Timing the Project

Why, oh why, do I do it to myself; take on a major project just before the start of the Christmas close down period, during the hottest, stormiest time of the year and before I take an overseas holiday? Well as I said, this blog is possibly also about ‘how not to do things’!

Storm Season, what was I thinking!

Storm Season, what was I thinking!

Sometimes, things just work against us. Yes, I did procrastinate a little, but in my defence I had a lot of outback work going on and couldn’t concentrate on another project of this size. It was only after the work commitments eased up a bit that I could devote more time to moving the renovation and new build forward. I found out there is a lot of preparation work that needs to be done beforehand that is not immediately obvious. Plans need to be drawn up and submitted to the certifier for approval, notices to go to neighbours for any setback relaxations, financing to arrange and quotes to obtain from various builders and tradesmen. We also had a change in the Brisbane City Council planning codes to contend with, which meant we had to decide whether it was better to submit under the old planning rules or the new.

So, the renovation commenced on the 1st of December. For those who know what it is like over the summer in Queensland, you can understand that this is not an ideal time to start. High temperatures combined with higher than normal humidity make the days so hot as to be energy-sapping. The summer storms also pose a risk to the building process as they can dump huge amounts of water in a short period of time, resulting in footings filled with water which can potentially collapse the sides. The accompanying high winds can pick up building materials and spread them around the yard if they are not secured or, as a number of home owners on the south side of Brisbane found out recently, can take off a roof if given a chance.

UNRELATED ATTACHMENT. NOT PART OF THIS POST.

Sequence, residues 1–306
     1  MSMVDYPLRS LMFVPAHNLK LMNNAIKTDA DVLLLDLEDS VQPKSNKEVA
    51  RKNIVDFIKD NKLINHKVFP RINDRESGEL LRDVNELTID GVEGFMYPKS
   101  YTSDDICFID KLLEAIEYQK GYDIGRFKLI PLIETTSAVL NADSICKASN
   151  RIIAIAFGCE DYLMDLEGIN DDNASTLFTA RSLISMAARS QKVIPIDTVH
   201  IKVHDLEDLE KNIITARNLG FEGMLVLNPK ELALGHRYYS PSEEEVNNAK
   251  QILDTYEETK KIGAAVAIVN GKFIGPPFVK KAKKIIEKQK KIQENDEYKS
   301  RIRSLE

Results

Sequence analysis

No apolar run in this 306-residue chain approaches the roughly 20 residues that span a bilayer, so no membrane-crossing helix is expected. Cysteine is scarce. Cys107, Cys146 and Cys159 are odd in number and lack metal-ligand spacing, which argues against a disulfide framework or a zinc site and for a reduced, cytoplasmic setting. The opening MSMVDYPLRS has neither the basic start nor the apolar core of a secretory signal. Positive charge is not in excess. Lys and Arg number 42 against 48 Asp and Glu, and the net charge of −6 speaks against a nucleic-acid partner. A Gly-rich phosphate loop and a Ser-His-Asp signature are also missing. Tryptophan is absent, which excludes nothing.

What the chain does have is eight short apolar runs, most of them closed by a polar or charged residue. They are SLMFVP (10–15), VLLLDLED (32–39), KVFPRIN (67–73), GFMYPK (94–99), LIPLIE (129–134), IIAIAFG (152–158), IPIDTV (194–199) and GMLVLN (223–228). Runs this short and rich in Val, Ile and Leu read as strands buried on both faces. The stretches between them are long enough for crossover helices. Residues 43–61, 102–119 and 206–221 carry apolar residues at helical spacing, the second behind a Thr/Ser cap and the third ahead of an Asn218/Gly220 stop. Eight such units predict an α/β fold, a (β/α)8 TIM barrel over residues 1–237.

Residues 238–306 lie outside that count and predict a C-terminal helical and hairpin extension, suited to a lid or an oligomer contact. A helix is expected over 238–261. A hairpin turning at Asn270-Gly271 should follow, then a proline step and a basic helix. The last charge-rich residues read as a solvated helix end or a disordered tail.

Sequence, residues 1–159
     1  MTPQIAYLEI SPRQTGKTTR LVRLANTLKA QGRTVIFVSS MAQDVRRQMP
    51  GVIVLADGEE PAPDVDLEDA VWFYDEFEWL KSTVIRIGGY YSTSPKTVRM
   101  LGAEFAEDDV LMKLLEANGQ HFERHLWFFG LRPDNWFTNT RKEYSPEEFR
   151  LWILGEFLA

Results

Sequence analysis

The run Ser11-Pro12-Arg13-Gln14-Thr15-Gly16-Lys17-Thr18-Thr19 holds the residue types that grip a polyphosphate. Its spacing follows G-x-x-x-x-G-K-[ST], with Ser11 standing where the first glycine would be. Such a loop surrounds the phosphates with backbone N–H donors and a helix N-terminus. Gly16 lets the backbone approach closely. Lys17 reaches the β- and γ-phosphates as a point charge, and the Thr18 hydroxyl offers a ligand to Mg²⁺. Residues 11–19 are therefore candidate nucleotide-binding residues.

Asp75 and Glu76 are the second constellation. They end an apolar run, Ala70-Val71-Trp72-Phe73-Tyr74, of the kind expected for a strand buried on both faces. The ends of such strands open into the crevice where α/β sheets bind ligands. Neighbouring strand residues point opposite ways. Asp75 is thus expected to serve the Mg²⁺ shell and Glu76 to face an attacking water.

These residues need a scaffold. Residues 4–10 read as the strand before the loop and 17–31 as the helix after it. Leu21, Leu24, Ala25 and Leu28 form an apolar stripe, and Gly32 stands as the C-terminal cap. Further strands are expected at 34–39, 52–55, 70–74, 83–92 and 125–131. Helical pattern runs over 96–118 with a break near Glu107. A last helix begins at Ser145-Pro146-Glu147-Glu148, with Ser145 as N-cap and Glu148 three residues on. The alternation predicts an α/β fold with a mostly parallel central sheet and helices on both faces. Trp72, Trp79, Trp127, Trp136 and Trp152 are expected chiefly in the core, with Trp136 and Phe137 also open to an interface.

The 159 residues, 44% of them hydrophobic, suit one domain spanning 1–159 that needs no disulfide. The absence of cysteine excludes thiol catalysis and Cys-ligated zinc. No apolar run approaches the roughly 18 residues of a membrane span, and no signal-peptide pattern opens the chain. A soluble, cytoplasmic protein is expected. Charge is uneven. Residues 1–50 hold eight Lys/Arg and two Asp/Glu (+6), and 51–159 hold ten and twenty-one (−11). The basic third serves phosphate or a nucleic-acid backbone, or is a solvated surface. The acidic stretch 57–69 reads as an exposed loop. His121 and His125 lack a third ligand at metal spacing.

There has been a big push by the tradies to complete as much as possible before the Christmas close down period. This generally starts from the 24th December through till the start of the second full week in January, although some suppliers closed up shop on the 19th December to give themselves a full three weeks off. This is not such a big deal for us, as the builder will complete his part of this renovation in a much faster time than we could ourselves, so the two week downtime for us will have a minor impact.

This is not something that a new renovator or someone who is renovating on a tight timeframe can afford. But don’t worry, there are always tradies out there who are interested in earning some extra cash over this period. As an example, I took over the bathroom renovation of a rental property when a builder I had employed was dragging his heels, costing me time off the rental market. This builder told me that there were no tradesmen available for the Christmas close down period and that he was going to have three weeks off. I immediately rang a couple of tilers who had been recommended by the tile store. One of them was available between the Christmas / New Year break and was looking to earn a little extra money for a holiday he had planned for later in January. Three days later, the bathroom was a gleaming, tile-clad room.

So the moral of the story is, don’t start your project in December if you can help it, but if you can’t, it is not the end of the world. You’ll just have to work a bit smarter and ensure you have the materials required on hand before the close down period. Don’t be afraid to ring around and find someone who is willing to work over that time.

Anyone have any other thoughts on renovating over this time of the year?

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